DePauw University has received a combined $2 million from two donors to provide for the completion of Phase One of the university's Campus Master Plan, DPU President Brian W. Casey announced.
Projects funded by the two gifts include enhancements to historic properties along the university's new Anderson Street entrance and the restoration of East College Lawn.
A $1 million gift from Jane L. Emison will support the creation of the Emison University Residences with the renovation of three historic properties on Anderson Street, which now serves as the entrance to campus.
The restored residences will include the Ireland House, one of Greencastle's most historic structures, an Italianate home constructed in 1887 and known for its beautiful and ornate woodwork.
Each of these properties will serve visiting scholars, artists and guests of the university.
"DePauw's new entrance creates an incredible first impression for visitors to this university," Emison said. "It is my hope that the restoration of these properties will add to the beauty of the university's entrance, and that the scholars and artists living within them will enrich the culture of this campus."
The second gift, a $1 million commitment from Douglas I. and Ann Smith, will support the restoration of the grounds surrounding East College, Holton Memorial Quadrangle and the north lawn of East College between Locust Street and Row O. West Library.
Restoration efforts will include tree plantings, landscape beds, irrigation, lighting and pedestrian pathway re-alignment.
The northern border of the restored area -- between Locust Street and Holton Quadrangle -- will be known as Smith Walk, akin to Burkhart Walk.
"I simply can't imagine DePauw without thinking of East College and the grounds that surround it," Doug Smith, a 1985 DePauw alumnus, said. "The beauty of the DePauw campus is striking, but it must be nurtured and restored. Ann and I wanted to ensure that these grounds, in the academic core of our campus, match the extraordinary contributions made by the faculty and students who walk them."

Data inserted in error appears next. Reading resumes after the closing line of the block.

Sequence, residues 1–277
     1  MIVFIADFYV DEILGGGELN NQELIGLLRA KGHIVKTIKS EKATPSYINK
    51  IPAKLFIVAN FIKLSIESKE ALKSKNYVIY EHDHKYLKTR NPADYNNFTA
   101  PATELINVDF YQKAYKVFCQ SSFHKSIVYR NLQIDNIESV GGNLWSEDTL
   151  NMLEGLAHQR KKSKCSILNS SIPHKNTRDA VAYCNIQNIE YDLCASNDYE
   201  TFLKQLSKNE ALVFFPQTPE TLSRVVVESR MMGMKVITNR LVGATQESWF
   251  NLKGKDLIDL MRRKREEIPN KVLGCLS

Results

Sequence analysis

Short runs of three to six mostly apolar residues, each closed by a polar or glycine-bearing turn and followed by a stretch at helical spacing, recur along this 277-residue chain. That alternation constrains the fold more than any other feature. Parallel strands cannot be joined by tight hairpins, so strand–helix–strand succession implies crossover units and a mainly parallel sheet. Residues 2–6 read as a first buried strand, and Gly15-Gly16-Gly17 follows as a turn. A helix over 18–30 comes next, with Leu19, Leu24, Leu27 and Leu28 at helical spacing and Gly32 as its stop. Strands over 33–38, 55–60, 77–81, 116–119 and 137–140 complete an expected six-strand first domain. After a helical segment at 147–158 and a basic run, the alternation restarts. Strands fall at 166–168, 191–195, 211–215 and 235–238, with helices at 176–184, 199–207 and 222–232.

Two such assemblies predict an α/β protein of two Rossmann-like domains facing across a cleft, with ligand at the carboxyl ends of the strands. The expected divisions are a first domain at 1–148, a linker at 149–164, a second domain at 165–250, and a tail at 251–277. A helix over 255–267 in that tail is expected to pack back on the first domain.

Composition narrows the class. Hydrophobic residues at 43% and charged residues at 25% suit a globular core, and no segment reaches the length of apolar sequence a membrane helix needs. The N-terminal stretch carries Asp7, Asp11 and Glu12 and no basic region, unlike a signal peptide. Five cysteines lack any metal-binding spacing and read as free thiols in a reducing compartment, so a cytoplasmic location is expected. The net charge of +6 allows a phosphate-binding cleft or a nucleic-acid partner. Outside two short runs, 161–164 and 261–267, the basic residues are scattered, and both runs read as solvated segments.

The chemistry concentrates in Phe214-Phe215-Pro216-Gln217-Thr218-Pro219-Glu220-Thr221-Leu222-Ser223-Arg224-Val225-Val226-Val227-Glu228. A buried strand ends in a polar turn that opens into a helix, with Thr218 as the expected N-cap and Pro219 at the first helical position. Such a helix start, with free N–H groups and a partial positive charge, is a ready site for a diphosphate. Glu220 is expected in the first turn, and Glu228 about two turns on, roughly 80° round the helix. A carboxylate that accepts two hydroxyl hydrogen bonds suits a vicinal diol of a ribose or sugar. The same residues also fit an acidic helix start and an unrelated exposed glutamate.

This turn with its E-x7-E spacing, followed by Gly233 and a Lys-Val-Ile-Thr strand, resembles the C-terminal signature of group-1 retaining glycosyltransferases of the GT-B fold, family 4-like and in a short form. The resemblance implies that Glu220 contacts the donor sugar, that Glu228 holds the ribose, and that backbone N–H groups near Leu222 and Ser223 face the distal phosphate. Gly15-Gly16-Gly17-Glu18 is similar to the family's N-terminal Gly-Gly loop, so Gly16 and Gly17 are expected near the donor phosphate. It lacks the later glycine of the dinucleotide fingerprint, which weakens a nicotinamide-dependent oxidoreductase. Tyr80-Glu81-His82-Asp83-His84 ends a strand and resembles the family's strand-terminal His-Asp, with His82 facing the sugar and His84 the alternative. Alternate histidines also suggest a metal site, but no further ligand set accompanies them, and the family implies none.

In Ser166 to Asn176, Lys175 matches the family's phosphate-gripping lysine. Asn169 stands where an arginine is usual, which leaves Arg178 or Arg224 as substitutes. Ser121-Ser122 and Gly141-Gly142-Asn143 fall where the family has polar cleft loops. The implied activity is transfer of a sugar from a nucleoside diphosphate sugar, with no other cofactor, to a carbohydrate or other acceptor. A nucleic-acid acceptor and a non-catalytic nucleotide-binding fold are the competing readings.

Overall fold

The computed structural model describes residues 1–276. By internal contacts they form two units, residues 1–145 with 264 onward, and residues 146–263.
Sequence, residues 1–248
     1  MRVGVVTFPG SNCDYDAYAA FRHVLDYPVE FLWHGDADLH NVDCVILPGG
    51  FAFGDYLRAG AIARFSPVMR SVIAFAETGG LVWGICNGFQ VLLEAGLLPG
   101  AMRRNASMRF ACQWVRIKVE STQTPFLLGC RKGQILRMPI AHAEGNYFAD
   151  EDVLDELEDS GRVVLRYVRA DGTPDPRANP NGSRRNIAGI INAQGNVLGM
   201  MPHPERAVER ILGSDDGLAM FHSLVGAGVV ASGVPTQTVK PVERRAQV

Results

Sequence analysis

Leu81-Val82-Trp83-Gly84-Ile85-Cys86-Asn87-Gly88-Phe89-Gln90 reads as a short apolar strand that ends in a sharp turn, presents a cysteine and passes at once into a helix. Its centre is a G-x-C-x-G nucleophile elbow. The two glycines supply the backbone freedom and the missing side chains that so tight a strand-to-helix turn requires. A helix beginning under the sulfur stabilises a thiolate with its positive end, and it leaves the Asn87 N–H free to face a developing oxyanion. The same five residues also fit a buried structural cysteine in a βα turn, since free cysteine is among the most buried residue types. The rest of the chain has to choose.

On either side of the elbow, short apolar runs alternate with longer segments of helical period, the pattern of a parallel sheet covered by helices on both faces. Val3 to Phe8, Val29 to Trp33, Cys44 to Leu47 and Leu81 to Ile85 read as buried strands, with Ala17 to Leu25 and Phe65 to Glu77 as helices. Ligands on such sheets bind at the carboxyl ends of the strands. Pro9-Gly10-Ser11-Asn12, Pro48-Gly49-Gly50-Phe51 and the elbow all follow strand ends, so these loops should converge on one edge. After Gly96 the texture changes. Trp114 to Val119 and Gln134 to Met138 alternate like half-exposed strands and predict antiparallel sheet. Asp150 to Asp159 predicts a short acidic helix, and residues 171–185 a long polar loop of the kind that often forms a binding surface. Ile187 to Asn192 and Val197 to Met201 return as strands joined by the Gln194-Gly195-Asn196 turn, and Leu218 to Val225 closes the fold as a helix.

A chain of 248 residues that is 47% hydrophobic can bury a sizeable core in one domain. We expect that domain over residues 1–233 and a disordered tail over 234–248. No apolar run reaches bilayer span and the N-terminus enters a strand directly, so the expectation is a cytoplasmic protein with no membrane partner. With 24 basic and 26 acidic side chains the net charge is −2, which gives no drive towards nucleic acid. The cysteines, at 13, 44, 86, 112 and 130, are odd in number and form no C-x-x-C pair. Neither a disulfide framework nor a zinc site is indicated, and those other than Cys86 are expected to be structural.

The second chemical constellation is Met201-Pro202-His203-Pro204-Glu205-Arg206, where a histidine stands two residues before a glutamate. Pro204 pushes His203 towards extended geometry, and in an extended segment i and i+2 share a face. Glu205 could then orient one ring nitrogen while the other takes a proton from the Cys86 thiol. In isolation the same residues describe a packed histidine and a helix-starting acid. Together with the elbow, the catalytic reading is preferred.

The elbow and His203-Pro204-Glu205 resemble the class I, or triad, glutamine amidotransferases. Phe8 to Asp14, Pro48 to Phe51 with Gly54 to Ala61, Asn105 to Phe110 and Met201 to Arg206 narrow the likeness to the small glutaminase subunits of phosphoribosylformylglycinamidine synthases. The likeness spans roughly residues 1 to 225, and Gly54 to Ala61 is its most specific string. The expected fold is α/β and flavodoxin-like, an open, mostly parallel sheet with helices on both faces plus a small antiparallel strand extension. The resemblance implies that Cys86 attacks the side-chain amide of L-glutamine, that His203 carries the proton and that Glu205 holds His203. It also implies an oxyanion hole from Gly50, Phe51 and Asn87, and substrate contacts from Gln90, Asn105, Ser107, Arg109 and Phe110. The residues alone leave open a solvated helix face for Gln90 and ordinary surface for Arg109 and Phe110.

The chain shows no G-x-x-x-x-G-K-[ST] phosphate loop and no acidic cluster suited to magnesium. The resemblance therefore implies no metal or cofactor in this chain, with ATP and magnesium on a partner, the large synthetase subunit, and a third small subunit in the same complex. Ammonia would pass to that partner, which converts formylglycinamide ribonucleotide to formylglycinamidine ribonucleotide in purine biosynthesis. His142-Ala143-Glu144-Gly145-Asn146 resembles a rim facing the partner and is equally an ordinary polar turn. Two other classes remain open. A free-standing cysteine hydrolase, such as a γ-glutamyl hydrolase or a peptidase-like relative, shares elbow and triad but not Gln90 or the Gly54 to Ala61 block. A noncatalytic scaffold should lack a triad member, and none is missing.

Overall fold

The restoration of the Emison University Residences and the East College grounds will begin in the summer of 2013 and will match the features of Anderson Street.
Initial enhancements to the East College grounds are expected to be complete in advance of the 2013-14 academic year, while the Emison University Residences are scheduled to be complete in the fall of 2013.
"I am immensely grateful to Doug and Ann Smith and to Jane Emison for their generosity to DePauw," President Casey said. "Their commitment to this university is clear, and their passion for making it even stronger is infectious. The legacy of their gifts will be a part of this campus for decades to come."
Approved by the Board of Trustees in October 2010, the Campus Master Plan was the product of a 15-month review intended to guide the development of campus buildings and grounds.
In Phase One, the plan called for the construction of a formal entrance to campus, along with enhancements to the Office of Admission and the restoration of the East College grounds. With their gifts, Emison and Smith will make it possible for the university to complete the final elements of Phase One.
Jane L. Emison is a member of DePauw's Board of Trustees. A graduate of North Dakota State University, she is the founder of Jane Larson Emison Designs and is a trustee of the Minneapolis Institute of Arts, the Boys & Girls Club Foundation of the Twin Cities, and the North Dakota State University Foundation.
Her late husband, Jim Emison, also served on the Board of Trustees.
Doug I. Smith is president of Miller and Smith Inc, one of the largest privately held residential land development and homebuilding companies in metropolitan Washington, D.C. He is also a member of the university's Board of Trustees. He is past president of HomeAid Northern Virginia, the philanthropic arm of the Northern Virginia Building Association.